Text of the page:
How to make big MySQL database more diffable/rsyncable? (aka rsyncing big files)

Ryan Malayter malayter at
Tue Jul 14 16:00:36 MDT 2009

On Mon, Jul 13, 2009 at 4:54 PM, Jamie Lokier<jamie at> wrote:
> Remembering hashes doesn't make any difference to speed, if the
> bottleneck is the sending side.

Except that in the rsync pipeline, the reading the destination file to
get hashes happens BEFORE the sender reads its file. And the sender
calculates hashes and finds matches on-the-fly.

So, when transferring a large file, it goes something like this from
the sender's perspective:
1) sending file list
2) receving file list
3) file xxxx is different! Recevier, please give me some hashes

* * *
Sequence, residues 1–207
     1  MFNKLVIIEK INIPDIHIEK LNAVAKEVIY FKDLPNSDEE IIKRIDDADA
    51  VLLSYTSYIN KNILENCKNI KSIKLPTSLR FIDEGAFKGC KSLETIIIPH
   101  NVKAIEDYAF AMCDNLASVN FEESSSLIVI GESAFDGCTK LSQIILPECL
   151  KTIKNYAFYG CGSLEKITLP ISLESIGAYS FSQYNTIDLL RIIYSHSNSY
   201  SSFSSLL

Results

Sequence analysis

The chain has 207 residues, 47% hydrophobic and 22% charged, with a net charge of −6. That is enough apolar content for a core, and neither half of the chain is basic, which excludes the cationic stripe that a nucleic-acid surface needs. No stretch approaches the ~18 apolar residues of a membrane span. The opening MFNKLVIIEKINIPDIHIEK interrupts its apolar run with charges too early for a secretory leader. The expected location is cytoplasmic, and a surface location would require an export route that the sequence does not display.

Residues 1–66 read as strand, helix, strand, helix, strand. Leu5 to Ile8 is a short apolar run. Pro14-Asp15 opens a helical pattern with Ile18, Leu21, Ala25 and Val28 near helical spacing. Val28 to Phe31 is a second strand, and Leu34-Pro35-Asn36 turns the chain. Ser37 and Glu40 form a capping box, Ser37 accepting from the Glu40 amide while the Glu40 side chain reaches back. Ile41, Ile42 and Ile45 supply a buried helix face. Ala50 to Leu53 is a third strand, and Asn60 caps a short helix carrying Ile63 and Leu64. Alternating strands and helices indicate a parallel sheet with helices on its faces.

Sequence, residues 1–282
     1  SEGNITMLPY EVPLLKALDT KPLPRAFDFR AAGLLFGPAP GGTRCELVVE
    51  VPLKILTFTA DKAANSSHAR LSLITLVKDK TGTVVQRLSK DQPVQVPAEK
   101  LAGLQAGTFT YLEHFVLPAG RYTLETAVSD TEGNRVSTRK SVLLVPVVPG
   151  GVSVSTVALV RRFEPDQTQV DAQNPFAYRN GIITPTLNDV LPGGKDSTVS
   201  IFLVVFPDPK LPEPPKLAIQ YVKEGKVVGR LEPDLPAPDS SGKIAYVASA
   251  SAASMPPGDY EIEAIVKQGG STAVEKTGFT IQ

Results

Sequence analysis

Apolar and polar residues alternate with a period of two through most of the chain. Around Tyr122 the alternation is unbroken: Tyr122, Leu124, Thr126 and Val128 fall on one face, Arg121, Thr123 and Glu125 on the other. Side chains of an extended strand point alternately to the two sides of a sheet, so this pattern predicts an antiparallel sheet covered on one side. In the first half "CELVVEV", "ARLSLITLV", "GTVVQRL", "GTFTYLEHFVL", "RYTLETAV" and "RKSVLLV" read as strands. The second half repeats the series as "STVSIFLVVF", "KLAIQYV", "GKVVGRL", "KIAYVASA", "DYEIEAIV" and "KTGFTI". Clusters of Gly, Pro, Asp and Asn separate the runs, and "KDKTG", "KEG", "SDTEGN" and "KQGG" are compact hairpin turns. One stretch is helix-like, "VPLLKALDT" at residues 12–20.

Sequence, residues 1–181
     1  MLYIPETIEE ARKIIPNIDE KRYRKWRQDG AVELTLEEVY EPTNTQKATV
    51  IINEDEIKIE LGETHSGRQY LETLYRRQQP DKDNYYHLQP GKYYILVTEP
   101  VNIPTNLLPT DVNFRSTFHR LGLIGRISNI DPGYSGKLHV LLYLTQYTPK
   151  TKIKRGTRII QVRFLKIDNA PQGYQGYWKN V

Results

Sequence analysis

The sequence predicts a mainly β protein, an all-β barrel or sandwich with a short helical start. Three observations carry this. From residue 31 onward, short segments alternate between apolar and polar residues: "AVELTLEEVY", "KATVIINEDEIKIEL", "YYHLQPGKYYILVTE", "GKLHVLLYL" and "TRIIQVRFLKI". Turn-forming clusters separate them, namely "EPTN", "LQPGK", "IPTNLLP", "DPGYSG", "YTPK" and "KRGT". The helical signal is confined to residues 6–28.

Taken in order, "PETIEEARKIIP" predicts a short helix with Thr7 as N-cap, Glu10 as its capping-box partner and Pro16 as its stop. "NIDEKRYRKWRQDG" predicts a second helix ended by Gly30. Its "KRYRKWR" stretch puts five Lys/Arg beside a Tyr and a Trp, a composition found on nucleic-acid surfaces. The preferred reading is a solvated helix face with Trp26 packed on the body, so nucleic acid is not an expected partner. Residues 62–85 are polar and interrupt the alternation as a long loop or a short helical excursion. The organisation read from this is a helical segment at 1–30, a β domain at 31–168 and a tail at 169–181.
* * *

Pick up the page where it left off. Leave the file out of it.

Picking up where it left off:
4) <wait 20+ minutes for receiver to compute hashes> got hashes
5) begin transfer, calculating my hashes and compressing on the fly as
I transfer
6) file complete

By caching hashes on the receiving side, the transfer can begin almost
instantaneously if the file on the receiver is unchanged since the
last run of rsync. This is, in fact, almost always true for the way
most people use rsync (backups, file distribution, etc.)

Most of my rsync scripts "stall" for minutes doing no effective work,
because they are waiting for the destination to read and calculate
hashes of a large file that was already hashed yesterday.

Incidentally, hashes could also be "remembered" on the sending side as
well, and sent to the receiver. You would of course fail back to the
current behavior if the file had changed on both ends, or if somehow a
whole-file checksum failed.


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